Looking to further protect customers from cyber threats, IBM (NYSE: IBM) has bought an Italy-based software firm that focuses on control of users’ access to enterprise networks and in “cloud” computing environment.

The deal follows IBM’s new partnership with Apple to deploy Apple mobile devices and to work on applications.

Crossideas, which is privately held, is based in Rome.

Financial terms were not disclosed. 

“The addition of CrossIdeas extends IBM’s market share leading portfolio of identity and access management capabilities,” said Brendan Hannigan, general manager of IBM Security Systems, in a statement. “IBM can now provide enterprises with enhanced governance capabilities and transparency into risk from the factory floor to the board room, giving leaders the insight they need to protect their brand and customers.”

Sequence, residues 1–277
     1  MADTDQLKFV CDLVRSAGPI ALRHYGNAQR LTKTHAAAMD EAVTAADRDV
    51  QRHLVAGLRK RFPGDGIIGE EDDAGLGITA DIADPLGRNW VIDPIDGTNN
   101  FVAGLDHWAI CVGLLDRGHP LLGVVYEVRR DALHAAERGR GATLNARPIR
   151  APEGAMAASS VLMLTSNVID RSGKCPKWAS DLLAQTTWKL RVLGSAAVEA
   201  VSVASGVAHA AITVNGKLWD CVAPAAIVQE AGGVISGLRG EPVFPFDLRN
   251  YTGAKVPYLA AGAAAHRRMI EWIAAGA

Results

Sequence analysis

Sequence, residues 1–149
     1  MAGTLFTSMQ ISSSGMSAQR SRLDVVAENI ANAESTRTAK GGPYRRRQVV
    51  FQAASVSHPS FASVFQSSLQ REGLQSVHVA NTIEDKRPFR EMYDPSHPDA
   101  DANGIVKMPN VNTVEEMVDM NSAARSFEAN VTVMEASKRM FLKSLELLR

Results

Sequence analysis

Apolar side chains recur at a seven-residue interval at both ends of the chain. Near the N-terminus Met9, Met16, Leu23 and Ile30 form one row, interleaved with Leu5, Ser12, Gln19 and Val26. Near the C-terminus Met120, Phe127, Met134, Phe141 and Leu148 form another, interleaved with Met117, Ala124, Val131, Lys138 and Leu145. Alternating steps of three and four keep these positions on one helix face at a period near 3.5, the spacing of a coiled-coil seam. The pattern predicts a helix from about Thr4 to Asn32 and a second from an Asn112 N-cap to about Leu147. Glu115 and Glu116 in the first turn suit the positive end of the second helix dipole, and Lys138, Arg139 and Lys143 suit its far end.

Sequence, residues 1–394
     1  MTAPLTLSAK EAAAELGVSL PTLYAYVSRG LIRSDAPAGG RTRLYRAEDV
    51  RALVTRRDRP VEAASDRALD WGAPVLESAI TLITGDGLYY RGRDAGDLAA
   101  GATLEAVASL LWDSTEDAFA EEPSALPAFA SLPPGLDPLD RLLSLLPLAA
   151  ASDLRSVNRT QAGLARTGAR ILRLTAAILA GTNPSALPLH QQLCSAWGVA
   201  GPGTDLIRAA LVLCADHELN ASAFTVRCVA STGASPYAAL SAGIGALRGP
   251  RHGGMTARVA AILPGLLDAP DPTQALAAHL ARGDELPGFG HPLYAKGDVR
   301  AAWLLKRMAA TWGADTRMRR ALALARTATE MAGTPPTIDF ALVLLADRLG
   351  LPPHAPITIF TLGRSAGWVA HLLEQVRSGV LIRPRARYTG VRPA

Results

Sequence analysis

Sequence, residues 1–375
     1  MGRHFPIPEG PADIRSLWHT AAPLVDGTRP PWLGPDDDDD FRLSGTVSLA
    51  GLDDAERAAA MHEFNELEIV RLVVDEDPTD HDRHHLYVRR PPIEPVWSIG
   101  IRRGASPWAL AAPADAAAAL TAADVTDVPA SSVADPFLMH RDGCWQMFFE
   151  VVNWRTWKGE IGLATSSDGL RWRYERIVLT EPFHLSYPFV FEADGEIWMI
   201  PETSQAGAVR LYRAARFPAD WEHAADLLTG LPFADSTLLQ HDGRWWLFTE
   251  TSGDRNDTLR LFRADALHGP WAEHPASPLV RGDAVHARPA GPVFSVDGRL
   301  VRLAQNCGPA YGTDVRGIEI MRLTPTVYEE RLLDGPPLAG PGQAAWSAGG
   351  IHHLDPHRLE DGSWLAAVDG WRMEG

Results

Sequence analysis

According to IBM, Crossideas software helps IT managers deal with identification of users and applications while meeting compliance requirements. 

“For example, a stock trader working in a financial institution may be promoted and given access to approve trades in a new system while retaining access to enter trades in the previous system,” IBM said in the announcement.

“This dual access may constitute a segregation of duties violation, which could expose the institution to failing a compliance requirement. With CrossIdeas’ technology, auditors and managers could detect and remediate the segregation of duties violation before it becomes a security risk and audit exposure.”

Financial news sight Seeking Alpha notes that IBM enjoyed a 20 percent increase in security-related revenue in the second quarter compared to a year ago. 

IBM employs some 7,500 people across North Carolina.